Conditionally restarting systemd services

In a previous post I discussed how one of my systemd services was getting continuously restarted causing the CPU to spike. This isn’t ideal and after re-reading the systemd manual page I came across a couple of useful options to control when and how frequently a systemd service will restart. The first option is RestartSec which controls how long systemd will wait to restart a process after a failure occurs. Systemd also has the RestartForceExitStatus and RestartPreventExitStatus which allow you to define the signals that should or should not cause a restart. To ensure that logstash isn’t continuously restarted when a configuration issue is present I set RestartPreventExitStatus to 1. Abnormal signals like SIGSEGV, SIGABRT, etc. will trigger a restart but a return code of 1 will not.

Updating a file with ansible if the current file is X days old

I’m a heavy user of the Logstash geoip features which utilize the GeoLite database. To keep up to date with the latest mappings I updated my logstash ansible role to check the current database and retrieve a new one if its older than a certain number of days. This was super easy to do with ansible. To get started I defined a couple of variables in group_vars:

geoip_directory: "/elk/logstash/geoip"
geoip_source: http://geolite.maxmind.com/download/geoip/database/GeoLite2-City.mmdb.gz
geoip_upgrade_days: 30

These variables define the location to put the geoip database, the URL to the latest database and how how often to update the file. To check if a file is outdated I used the stat module’s mtime attribute along with a when conditional:

- name: Get the GeoIP database file name
  set_fact: geoip_compressed_file_name="{{ geoip_source | basename }}"

- name: Get the GeoIP database file name
  set_fact: geoip_uncompressed_file_name="{{ geoip_compressed_file_name | replace('.gz', '') }}"

- name: Retrieving file stat data from {{ geoip_directory }}/{{ geoip_uncompressed_file_name }}"
  stat:
    path: "{{ geoip_directory }}/{{ geoip_uncompressed_file_name }}"
  register: stat_results

- name: "Download the latest GeoIP database from {{ geoip_source }}"
  get_url:
    url: "{{ geoip_source }}"
    dest: "{{ geoip_directory }}"
    mode: 0600
  when: ((ansible_date_time.epoch|int - stat_results.stat.mtime) > (geoip_upgrade_days * 60 * 60 * 24))
  register: downloaded_geoip_file

- name: "Uncompressing the GeoIP file {{ geoip_directory }}/{{ geoip_compressed_file_name }}"
  shell: gunzip -f "{{ geoip_directory }}/{{ geoip_compressed_file_name }}"
  when: downloaded_geoip_file.changed

I still need to add a couple of checks to deal with edge conditions but this is definitely a step up from what I was doing previously. Viva la ansible!

Troubleshooting a bizarre logstash CPU problem

This week I was converting some legacy shell scripts to ansible roles and wandered into a bizarre issue with one of my elasticsearch servers. After committing a couple of changes my CI system rejected the commit due to a system resource issue. When I logged into the system to troubleshoot the issue I noticed the CPU was pegged:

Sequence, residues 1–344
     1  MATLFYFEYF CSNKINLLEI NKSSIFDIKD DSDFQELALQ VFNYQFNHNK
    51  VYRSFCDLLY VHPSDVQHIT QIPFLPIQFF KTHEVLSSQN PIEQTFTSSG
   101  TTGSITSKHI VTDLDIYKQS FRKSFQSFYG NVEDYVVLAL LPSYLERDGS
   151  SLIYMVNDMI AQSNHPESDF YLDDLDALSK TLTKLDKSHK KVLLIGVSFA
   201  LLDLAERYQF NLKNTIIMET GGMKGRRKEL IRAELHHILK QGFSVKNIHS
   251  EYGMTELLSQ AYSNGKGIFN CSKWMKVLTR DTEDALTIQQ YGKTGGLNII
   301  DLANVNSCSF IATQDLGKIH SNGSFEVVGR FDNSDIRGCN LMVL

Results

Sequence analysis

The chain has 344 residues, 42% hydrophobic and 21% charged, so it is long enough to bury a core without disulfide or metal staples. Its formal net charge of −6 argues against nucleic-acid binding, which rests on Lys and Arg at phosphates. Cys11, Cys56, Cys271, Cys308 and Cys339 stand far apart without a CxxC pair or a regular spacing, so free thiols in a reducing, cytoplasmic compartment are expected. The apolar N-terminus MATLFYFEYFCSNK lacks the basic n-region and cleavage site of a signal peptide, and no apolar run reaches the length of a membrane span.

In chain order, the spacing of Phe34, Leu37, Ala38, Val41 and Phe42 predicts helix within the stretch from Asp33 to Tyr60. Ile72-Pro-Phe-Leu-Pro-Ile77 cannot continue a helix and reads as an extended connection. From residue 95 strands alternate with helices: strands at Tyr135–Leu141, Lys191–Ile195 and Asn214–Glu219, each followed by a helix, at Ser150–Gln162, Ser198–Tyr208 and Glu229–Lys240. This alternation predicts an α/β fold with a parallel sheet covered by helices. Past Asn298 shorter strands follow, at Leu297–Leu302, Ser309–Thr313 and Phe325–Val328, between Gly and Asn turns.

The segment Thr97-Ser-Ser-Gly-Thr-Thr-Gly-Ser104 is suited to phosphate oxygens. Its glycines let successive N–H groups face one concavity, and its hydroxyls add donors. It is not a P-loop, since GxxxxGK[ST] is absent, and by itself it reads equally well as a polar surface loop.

$ mpstat 1

Linux 3.10.0-514.26.2.el7.x86_64 (elastic02) 	09/02/2017 	_x86_64_	(2 CPU)

11:32:59 AM  CPU    %usr   %nice    %sys %iowait    %irq   %soft  %steal  %guest  %gnice   %idle
11:33:00 AM  all   94.03    0.00    3.98    0.00    0.00    0.00    0.00    0.00    0.00    1.99
11:33:01 AM  all   94.00    0.00    3.50    0.00    0.00    0.00    0.00    0.00    0.00    2.50
11:33:02 AM  all   93.50    0.00    5.50    0.00    0.00    0.00    0.00    0.00    0.00    1.00

This system is used solely to test changes so it should have been 100% idle. Htop showed the Logstash java process as the top CPU consumer so I ventured off to the log directory to see if anything was awry. Sure enough, Logstash was complaining about a missing file:

[2017-09-02T11:37:43,884][ERROR][logstash.agent           ] Cannot create pipeline {:reason=>"Something is wrong with your configuration."}
[2017-09-02T11:37:52,529][ERROR][logstash.filters.geoip   ] Invalid setting for geoip filter plugin:

  filter {
    geoip {
      # This setting must be a path
      # File does not exist or cannot be opened /elk/logstash/geoip/GeoLite2-City.mmdb
      database => "/elk/logstash/geoip/GeoLite2-City.mmdb"
      ...
    }
  }

One of my commits automated the GeoIP database download process. This subtle change contained a bug (more on that in a future post) which was preventing the file from being downloaded and extracted. By default, logstash should exit if it detects a configuration issue. It shouldn’t spin on a CPU. To see what was going on I fired up my good friend strace and attmpted to attch to the PID I retrieved from ps:

$ strace -f -p 4288

strace: attach: ptrace(PTRACE_ATTACH, ...): No such process

Now that is odd. When I ran ps again and looked closer at the pid column I noticed that the java process had a new PID. I ran it a second time and the pid changed again. So it appeared that logstash was dying and then being restarted over and overr. The Logstash service on this machine is managed by systemd and it immediately dawned on me that the “Restart=on-failure” unit file configuration directive (this will restart a failed process) was the cause of my troubles! After a bit of troubleshooting I located the problem with my ansible role, corrected it and low and behold the system load returned to normal. Bugs and cascading failures happen and this problem never made its way to production because my automated test suite let me know that something was wrong. Thank you jenkins!